After my bike ride to Plasnow, and my stop at the Schindler Factory, I decided to check out the Kazimierz Neighborhood. This neighborhood has had an established Jewish Quarter since 1495. I was excited to check it out.
Below is a map I made of the Kazimierz Neighborhood. I wanted to have one map that would map out all the buildings and memorials I wanted to check out in the area.
I found this map below posted on one of the streets in Kazimierz. It shows a walk that one could take to see all of the synagogues in Kazimierz.
Kazimierz is a beautiful neighborhood. I loved walking up and down the streets seeing all of these beautiful Jewish synagogues. I am quite surprised that the Nazis left these buildings intact, though I am sure much renovations had to have occurred afterward. Many of the ghetto scenes of Schindler’s List were filmed in Kazimierz, rather than Podgorze (where the real events occurred) because of its narrow laneways and cobblestoned streets which were thought to resemble the cramp-ness of ghetto life. Szeroka Street was used to film Plac Zgody, and the courtyard to depict the liquidation of the ghetto was between 12 Jozefa Street and 20 Rabina Meiselsa Street.
Old Synagogue (website)
The Old Synagogue of Krakow is one of the oldest Jewish places of worship in Europe, built in 1407 or 1492; it is well known for its Jewish architecture, an example of a Polish Fortress synagogue. Before WWII, it was on of the most important synagogues in the city and was used as the main religious and social center in Krakow’s Jewish community. During the war, the synagogue was used as an ammunition store house; the synagogue was ransacked and its relics stolen by the end of the war. It was rebuilt in the mid-1950s. Since 1961, the synagogue became a branch of the City of Krakow Historical Museum which houses the museum of Jewish history and traditions, focusing on the Krakow Jews. This building is no longer used as a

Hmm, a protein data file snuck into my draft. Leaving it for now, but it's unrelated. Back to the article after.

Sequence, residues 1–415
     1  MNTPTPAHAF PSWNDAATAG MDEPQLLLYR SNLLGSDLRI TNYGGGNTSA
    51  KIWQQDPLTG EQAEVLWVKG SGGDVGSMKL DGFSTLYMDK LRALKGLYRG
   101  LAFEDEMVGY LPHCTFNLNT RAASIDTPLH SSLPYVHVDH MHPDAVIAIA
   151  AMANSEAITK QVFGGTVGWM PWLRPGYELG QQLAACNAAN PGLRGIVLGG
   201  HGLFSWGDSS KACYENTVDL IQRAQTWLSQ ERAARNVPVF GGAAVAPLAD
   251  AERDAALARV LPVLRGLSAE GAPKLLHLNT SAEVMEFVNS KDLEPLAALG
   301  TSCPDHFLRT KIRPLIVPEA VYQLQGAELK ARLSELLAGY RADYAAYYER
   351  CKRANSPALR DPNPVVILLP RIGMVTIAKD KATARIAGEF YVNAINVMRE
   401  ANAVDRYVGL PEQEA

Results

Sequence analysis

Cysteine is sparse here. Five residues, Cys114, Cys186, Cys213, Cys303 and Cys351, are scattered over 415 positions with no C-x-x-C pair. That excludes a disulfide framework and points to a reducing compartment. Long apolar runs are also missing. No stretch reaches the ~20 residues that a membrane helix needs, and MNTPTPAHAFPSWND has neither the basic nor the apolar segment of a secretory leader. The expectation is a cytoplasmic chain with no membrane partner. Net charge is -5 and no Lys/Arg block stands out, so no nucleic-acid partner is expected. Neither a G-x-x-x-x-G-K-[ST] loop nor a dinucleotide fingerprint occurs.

The High Synagogue is the third oldest synagogue in Krakow. It is unique for having the prayer room upstairs. During WWII, the synagogue was set on fire; no furnishings remain. The main floor now houses a bookstore with books on Judaism and you can pay to see the prayer room that houses a small temporary museum exhibit.
I really loved the architecture of this synagogue; it is beautiful. It is the newest built synagogue in the neighborhood dating to 1862. During the war, the building was used as a warehouse and stables. Since it was restored, many concerts and religious ceremonies take place here.
Remuh Synagogue is the smallest of the synagogues in the neighborhood, though it is one of the most active. Above the arch in Hebrew, it says, “The new synagogue of the ReMA, of blessed memory.” During the war, the synagogue was used as a storehouse for firefighting equipment. You can gain access to the Old Jewish Cemetery here.
Just North of the Remuh Synagogue you can find the bench dedicated to the Polish resistance fighter Jan Karski.
Memorial to the 65,000 Krakow Jews
In the small, green park across from the Remuh Synagogue, you will find this memorial. The plaque is written in Polish, English, and Yiddish: “Place of meditation upon the martyrdom of 65,000 Polish citizens of Jewish nationality from Krakow and its environs, killed by the Nazis during World War II.”
Plac Nowy has a cool circular building at the center of it. I arrived there at lunch time so many people were gathered around eating and socializing. There were a few venders selling some souvenirs on tables. It was a fun square to happen upon.
The farther you walk West in Kazimierz, you start to get out of the dense Jewish area. There are quite a few lovely Polish churches on this side of the neighborhood.
Corpus Christi Basilica
This was the first Polish church I had been in to. I was not extremely impressed by the brick exterior, but the interior was amazing! I loved its mix of Gothic and Baroque architecture.
The Church of the Rock (Skalka) and the Pauline Monastery
I really liked the Baroque exterior of this church and the grounds were really nice to wander around. This church was very peaceful, and not crowded at all.
This is one of the most important religious sites in Poland. The Bishop of Krakow (Saint Stanislaw of Szczepanow) was beheaded in 1079 on order of the King. This forced the King to be exiled and the bishop eventually became canonized, becoming not just the patron saint of Krakow, but for all of Poland. Since 1472, a monastic order of Pauline Fathers has resided here.
Overall, I loved my walk through Kazimierz! It was like stepping back in history. Every street had something of interest to see. I wish I took more pictures!!